|City of Coatesville|
Main Office of Lukens Steel
|Elevation||331 ft (100.9 m)|
|Area||1.9 sq mi (4.9 km2)|
|- land||1.9 sq mi (5 km2)|
|- water||0.0 sq mi (0 km2), 0%|
|Density||6,894.7 / sq mi (2,662.1 / km2)|
|- summer (DST)||EDT (UTC-4)|
Coatesville grew up around the Lukens Steel Company. Lukens was bought by the Bethlehem Steel Corporation in 1997. In 2002, Bethlehem was bought by the then Ohio-based International Steel Group (ISG). Later, Mittal Steel bought ISG and then merged with Arcelor Steel to form the ArcelorMittal company.
The first known settlement in the area which would be known as Coatesville was a Native American village built along the West Branch of the Brandywine River. This settlement was a post for fur trading with the earliest American settlers. The Brandywine River features prominently in the history of Coatesville.
William Fleming, originally from Scotland, is one of the earliest landowners on record. He built a log cabin in the area of Harmony Street and 5th Avenue and owned about 207 acres (0.84 km2) of land bordering the Brandywine River.
Moses Coates, a prosperous farmer and the namesake of Coatesville, bought the Fleming house from Fleming's son in 1787. Moses Coates' son-in-law, Jesse Kersey, came up with a plan to develop the area by selling frontage on the recently completed Lancaster Turnpike which crossed through their land. The Lancaster Turnpike was the first toll road in the U.S., authorized in 1792 and completed in 1795. There was a tollgate located within the present day Coatesville city limits. Coatesville became a popular stopping point since it was located roughly halfway between Philadelphia and Lancaster on the Turnpike.
Another of the earliest settlers in the Coatesville region was Pierre Bizallion. He was a French fur trader who settled in the area in the early 18th century, and was said to have been an interpreter between William Penn and the Native Americans. The Veterans Administration Hospital now sits on a piece of the roughly 500 acres (2.0 km2) of land that was once owned by Bizallion.
Before Coatesville became the only city in Chester County, it was a town called Bridge-Town, because of the two bridges that were used to cross the Brandywine River. A village named "Midway", named after its station owned by the Philadelphia and Columbia Railroad midway between Philadelphia and Lancaster, was also formed in 1834 on the western bank of the Brandywine. The village of Midway and the village of Bridge-Town merged to become the borough of Coatesville in 1867. Coatesville citizens voted to become a city in 1915.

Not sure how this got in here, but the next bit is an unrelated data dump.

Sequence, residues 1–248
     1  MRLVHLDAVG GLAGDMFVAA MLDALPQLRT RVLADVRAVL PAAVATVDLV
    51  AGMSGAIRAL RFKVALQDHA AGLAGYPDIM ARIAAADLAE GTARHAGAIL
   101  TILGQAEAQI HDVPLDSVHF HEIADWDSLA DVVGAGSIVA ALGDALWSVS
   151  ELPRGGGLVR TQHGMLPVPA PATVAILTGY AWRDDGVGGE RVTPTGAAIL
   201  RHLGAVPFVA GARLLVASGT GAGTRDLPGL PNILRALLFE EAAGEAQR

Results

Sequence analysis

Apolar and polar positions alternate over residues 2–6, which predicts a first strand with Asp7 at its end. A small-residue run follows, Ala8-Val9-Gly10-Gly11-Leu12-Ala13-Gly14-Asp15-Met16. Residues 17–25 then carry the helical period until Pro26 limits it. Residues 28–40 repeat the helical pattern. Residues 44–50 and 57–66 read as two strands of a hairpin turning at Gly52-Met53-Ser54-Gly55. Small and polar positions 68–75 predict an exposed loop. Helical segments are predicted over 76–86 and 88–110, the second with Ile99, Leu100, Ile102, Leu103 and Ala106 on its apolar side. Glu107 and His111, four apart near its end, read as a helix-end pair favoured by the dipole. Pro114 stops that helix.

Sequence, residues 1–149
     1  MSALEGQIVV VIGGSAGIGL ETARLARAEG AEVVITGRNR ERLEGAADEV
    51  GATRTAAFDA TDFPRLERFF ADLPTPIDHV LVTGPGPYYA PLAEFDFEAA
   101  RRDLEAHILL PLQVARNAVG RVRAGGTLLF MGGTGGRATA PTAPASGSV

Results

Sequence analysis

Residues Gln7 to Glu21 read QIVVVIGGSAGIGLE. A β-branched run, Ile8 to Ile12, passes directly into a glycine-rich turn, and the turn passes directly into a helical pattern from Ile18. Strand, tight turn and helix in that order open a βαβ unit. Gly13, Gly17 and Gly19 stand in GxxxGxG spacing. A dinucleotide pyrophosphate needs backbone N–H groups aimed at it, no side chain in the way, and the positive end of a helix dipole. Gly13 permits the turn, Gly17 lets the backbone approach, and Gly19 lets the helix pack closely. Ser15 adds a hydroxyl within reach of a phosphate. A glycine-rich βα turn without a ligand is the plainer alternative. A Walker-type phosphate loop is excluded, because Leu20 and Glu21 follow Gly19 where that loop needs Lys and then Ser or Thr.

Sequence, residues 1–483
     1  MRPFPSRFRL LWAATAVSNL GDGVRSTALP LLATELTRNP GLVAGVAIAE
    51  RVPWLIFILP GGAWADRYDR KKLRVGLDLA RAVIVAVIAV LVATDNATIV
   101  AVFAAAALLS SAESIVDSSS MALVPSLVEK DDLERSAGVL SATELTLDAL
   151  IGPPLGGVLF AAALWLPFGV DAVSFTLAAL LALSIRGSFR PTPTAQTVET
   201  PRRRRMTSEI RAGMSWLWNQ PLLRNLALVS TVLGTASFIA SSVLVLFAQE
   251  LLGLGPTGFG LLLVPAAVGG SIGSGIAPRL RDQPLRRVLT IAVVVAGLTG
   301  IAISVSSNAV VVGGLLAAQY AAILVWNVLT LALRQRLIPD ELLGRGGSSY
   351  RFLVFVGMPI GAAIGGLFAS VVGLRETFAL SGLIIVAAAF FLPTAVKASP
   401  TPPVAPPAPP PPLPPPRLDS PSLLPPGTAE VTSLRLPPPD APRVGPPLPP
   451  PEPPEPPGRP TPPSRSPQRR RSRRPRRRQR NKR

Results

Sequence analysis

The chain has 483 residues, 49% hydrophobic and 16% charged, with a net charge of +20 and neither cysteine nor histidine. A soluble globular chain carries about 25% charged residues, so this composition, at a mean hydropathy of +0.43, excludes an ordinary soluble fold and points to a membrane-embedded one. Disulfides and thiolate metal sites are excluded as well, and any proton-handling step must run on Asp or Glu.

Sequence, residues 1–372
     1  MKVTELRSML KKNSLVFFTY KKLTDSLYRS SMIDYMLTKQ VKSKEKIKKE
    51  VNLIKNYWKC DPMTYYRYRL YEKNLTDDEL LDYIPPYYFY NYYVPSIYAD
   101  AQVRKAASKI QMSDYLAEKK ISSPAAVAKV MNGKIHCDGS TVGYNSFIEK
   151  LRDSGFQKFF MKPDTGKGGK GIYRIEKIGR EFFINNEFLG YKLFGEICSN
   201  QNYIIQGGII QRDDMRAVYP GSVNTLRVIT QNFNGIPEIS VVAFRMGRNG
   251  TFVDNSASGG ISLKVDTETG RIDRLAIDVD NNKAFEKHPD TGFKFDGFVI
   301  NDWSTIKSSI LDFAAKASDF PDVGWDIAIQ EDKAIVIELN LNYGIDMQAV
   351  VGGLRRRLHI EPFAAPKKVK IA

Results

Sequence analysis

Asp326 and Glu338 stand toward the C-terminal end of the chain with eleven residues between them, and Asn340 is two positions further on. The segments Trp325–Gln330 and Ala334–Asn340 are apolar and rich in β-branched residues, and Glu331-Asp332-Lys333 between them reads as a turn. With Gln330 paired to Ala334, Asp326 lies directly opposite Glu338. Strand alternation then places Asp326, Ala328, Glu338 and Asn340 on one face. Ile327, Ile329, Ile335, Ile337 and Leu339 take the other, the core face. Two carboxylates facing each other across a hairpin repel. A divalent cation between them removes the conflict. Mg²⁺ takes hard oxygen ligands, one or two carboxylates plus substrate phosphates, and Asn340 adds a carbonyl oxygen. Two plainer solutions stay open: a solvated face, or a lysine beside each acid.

Coatesville was able to capitalize on the natural energy available due to the Brandywine River running through the area. Jesse Kersey, Moses Coates' son-in-law, partnered with the ironmaster Isaac Pennock and purchased over 110 acres (0.45 km2) of Moses Coates' farm along both sides of the Brandywine River in 1810. The resulting company was named the Brandywine Iron Works and Nail Factory, the forerunner of Lukens Steel. Charles Lukens, MD, married Isaac Pennock's daughter Rebecca in 1813. Following her husband's death in 1825, Rebecca Lukens took over the operations of the mill, purchasing it from her mother and seeing it through turmoil and market panic into a prosperous mill. Rebecca was one of the first female operators of a major corporation in America.
As Lukens Steel grew so did Coatesville, eventually becoming known as the "Pittsburgh of the East." By the beginning of the 20th century the population had grown to 6,000. Along with the growth, the school system expanded as well as the religious community. In 1932 Coatesville was the home to 22 churches and Chester County's only synagogue, Beth Israel Congregation. Lukens Steel was the largest employer in Chester County in the 1960s, with over 10,000 workers. After World War II the steel industry began a long decline and Lukens Steel was eventually sold again and again, forcing workplace reductions to 5,000 and eventually to 2,000.
In 1911, the lynching in Coatesville of Zachariah Walker, a black man who allegedly killed a white mill policeman Edgar Rice, prompted the National Association for the Advancement of Colored People (NAACP) to investigate and called for an end to lynching nationwide. Walker was dragged from a hospital, still chained to his bedstead, and burned to death in front of hundreds of Coatesville citizens in a field south of the city. When Walker staggered from the pyre, a mass of flames, with rakes and pitchforks the citizens of Coatesville shoved him back in. The lynching was the last in Pennsylvania and is said to have left a permanent stain on the city's image.
Coatesville recently began an ambitious redevelopment project which include tearing down abandoned and dangerous public housing, building new single family and townhouse developments, a regional recreation center, and most recently, mixed use projects that would include retail, office, and condominium housing, as well as the renovation of the local Amtrak station which has fallen into disrepair. A new Marriott hotel built along Route 82 on the outskirts of Coatesville opened May 2012.
The redevelopment plans have not been without controversy, including a five-year eminent domain dispute with a local landowner in neighboring Valley Township. It has been resolved without the need to seize the property, but it caused the ouster of four incumbent city councilpersons in the November 2005 general elections. The four new councilpersons, two of whom are ordained Pentecostal and Methodist ministers, caused further controversy with the firing of the city solicitor, the resignation of the city manager (who negotiated with the Valley Township landowner), and the departure of the assistant manager, police chief, and city treasurer.